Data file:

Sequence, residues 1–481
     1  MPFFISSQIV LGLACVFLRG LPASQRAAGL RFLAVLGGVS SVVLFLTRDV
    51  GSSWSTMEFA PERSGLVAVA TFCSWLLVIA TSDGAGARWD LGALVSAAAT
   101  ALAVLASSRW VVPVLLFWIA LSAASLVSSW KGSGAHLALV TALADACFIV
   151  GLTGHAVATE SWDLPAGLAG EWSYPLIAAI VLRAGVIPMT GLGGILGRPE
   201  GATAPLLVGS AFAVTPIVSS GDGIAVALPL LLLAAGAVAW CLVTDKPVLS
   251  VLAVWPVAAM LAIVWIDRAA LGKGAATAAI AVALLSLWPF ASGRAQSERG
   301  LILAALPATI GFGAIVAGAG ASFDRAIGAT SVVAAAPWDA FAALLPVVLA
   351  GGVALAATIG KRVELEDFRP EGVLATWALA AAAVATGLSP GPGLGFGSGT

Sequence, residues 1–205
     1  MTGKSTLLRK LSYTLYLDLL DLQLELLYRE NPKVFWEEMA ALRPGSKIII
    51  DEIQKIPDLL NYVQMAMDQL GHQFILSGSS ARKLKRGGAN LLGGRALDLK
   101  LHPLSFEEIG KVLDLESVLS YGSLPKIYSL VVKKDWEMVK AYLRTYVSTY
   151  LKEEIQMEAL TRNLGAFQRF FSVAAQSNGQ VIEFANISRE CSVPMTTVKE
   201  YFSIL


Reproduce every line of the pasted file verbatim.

Sequence, residues 1–481
     1  MPFFISSQIV LGLACVFLRG LPASQRAAGL RFLAVLGGVS SVVLFLTRDV
    51  GSSWSTMEFA PERSGLVAVA TFCSWLLVIA TSDGAGARWD LGALVSAAAT
   101  ALAVLASSRW VVPVLLFWIA LSAASLVSSW KGSGAHLALV TALADACFIV
   151  GLTGHAVATE SWDLPAGLAG EWSYPLIAAI VLRAGVIPMT GLGGILGRPE
   201  GATAPLLVGS AFAVTPIVSS GDGIAVALPL LLLAAGAVAW CLVTDKPVLS
   251  VLAVWPVAAM LAIVWIDRAA LGKGAATAAI AVALLSLWPF ASGRAQSERG
   301  LILAALPATI GFGAIVAGAG ASFDRAIGAT SVVAAAPWDA FAALLPVVLA
   351  GGVALAATIG KRVELEDFRP EGVLATWALA AAAVATGLSP GPGLGFGSGT

Sequence, residues 1–205
     1  MTGKSTLLRK LSYTLYLDLL DLQLELLYRE NPKVFWEEMA ALRPGSKIII
    51  DEIQKIPDLL NYVQMAMDQL GHQFILSGSS ARKLKRGGAN LLGGRALDLK
   101  LHPLSFEEIG KVLDLESVLS YGSLPKIYSL VVKKDWEMVK AYLRTYVSTY
   151  LKEEIQMEAL TRNLGAFQRF FSVAAQSNGQ VIEFANISRE CSVPMTTVKE
   201  YFSIL